There is a collective myopia when it comes to social media online. We usually date its serious arrival to the increase in popularity of Facebook, around six years ago, and that single property has become for many the quintessential social media platform. But the real story is much more nuanced, and it has big implications for brands in the future.
Socialization is, of course, a universal need. And as long as we’ve had computers, we’ve used them to connect with others. We began with network chat, and moved on to message boards, email and early messaging apps. Eventually, we graduated to more expressive platforms like Friendster, Xanga and MySpace—and only after that began to socialize freely on Facebook and Twitter.
The mistake we sometimes make is to assume that the process is complete. The evolution of technology and socialization is in fact ongoing, and this has big implications for brands. Just consider the following for a moment:
- Recent research from Wildness suggests that young people are connecting less and less via Facebook.
- Nonetheless analysts estimate that 71 percent of them have accounts on it.
- Video posting has been emphasized in feeds over other forms of content.
- My own company’s research with teens has consistently found that “it became uncool to share a status update on Facebook” some time ago.
- In spite of this, Facebook’s usage and revenue have continued to climb.
These statistics can seem self-contradictory. People aren’t posting on Facebook and other traditional social platforms as much, yet they have accounts and are visiting them. What gives?
Essentially we’re seeing that social activity may be moving on, while traditional social media platforms are changing to meet different needs. Facebook is still about connecting with people, but it’s increasing also about utility and entertainment, too. Its logins, for example, are fast becoming the de facto way we navigate to new sites and services. In addition, Facebook now offers a highly mobile experience with a combination of snackable articles and videos—some posted by friends, but others increasingly by dedicated and professional media outlets. And it’s worth pointing out that Twitter is going in a similar direction, moving away from personal expression and towards content consumption with Moments and Periscope.
Socializing, meanwhile, has leaped onto a new set of messaging apps. For example, WhatsApp recently surpassed 1 billion users. Facebook Messenger has more than 900 million, giving it a growth rate of roughly 60 percent year-over-year. Six of the top 10 mobile apps globally are classified as messaging apps. And Instagram is widely described as the primary social network for people under 24, not least because it generates real conversation, and not simply likes.
Unfortunately, this has left a lot of businesses out in the cold. Their audiences are shifting their behavior toward these apps, but they haven’t been able to use them to connect with their consumers in a meaningful way (forget selling products). So what can we do now to take advantage of the big change?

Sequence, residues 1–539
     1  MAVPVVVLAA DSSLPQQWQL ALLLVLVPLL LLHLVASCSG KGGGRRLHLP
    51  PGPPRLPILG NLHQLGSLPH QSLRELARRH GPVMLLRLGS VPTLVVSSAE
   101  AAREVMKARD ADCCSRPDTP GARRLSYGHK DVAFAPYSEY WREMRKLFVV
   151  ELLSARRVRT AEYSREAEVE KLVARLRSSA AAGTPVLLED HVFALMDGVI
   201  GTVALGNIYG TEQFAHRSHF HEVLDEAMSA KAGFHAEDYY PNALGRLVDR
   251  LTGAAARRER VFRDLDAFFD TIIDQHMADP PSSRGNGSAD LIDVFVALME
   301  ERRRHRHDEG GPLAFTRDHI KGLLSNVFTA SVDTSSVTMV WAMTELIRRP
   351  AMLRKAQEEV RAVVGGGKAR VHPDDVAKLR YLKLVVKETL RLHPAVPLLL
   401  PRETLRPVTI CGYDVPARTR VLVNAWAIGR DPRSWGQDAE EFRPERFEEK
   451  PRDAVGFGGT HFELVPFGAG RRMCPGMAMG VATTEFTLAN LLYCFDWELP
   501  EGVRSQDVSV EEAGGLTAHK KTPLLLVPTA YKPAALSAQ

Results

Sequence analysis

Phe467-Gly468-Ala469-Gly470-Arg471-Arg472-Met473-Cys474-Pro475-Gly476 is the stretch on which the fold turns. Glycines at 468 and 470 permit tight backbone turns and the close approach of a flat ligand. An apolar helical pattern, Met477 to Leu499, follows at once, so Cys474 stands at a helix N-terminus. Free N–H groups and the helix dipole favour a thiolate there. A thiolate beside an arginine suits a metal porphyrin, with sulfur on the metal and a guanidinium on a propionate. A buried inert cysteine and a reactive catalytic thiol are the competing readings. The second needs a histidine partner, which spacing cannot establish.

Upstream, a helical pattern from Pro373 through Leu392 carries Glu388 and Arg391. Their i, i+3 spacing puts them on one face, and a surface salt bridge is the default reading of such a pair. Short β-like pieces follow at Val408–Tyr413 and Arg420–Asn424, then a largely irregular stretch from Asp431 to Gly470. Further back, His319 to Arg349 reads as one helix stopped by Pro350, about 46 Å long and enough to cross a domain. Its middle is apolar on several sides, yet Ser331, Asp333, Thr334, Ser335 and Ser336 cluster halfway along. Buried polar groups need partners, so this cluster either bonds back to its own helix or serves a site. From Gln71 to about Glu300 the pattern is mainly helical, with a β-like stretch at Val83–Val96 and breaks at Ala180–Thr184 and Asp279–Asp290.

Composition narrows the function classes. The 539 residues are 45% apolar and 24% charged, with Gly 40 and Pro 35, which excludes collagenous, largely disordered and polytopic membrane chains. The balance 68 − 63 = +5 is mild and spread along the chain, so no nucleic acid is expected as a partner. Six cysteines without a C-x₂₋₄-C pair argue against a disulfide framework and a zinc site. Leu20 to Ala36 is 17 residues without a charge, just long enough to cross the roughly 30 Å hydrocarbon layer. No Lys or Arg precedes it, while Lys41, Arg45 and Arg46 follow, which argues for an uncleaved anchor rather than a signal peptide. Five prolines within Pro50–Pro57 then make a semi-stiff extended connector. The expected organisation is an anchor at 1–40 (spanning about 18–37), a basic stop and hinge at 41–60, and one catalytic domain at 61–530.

Make apps to go in the apps: It helps to know something about the model many of these apps are seeking to emulate. China’s WeChat and South Korea’s KakaoTalk have both gone beyond socialization and become ecosystems that users hardly need to leave. They now include music, commerce and a wide variety of services—including things like booking cabs and buying movie tickets. We’ll likely see this development in the West, as well. Facebook Messenger, for example, is reaching out to developers and will likely spend a significant portion of its upcoming F8 conference selling a vision of its own ecosystem. And so it begins with Messenger’s music integration with Spotify.
Develop new modes of self-expression: Domino’s Pizza and Coca-Cola have both experimented with emoji to allow consumers to order a pizza or integrate a favorite into their iPhones. Increasingly, these experiments will turn into serious brand building efforts. In Japan and Southeast Asia, for example, messaging platform Line offers a range of visual characters called “stickers” that enable more expressive communication.
Think seriously about artificial intelligence: The AI that powers human connection at the level of Spike Jonze movie Her is still many years away. However, we now have chat bots that are miles ahead of our old friend Siri. For example, travel app Native creates the feeling of a personal concierge, providing help in a far more personal way than you might imagine. In fact, it’s downright eerie. Believe it or not, that kind of intelligence may be a must-have for brands in the near future.
Look for a new platform to emerge: The evolution of social should continue. While we can’t count out traditional social media platforms (they can always evolve), newer ones may be better-positioned to emerge as the primary place where we connect with friends. Apple’s iMessenger, for example, has made great strides in integrating with the desktop. Slack has taken over messaging in the enterprise—and it could eventually extend to consumers, as well.
The important thing is to recognize that social technology has always been around and has continually evolved to become more friendly, intimate and expressive. Brands need to move where their consumers will be, so developing the ability to be more present and reactive is vitally important today. The biggest danger, of course, is assuming that the social technology of tomorrow will look much like the one we find today. If history is any indication of the future, it most certainly won’t.
Brandon Geary is the global chief strategy officer at digital marketing agency Possible.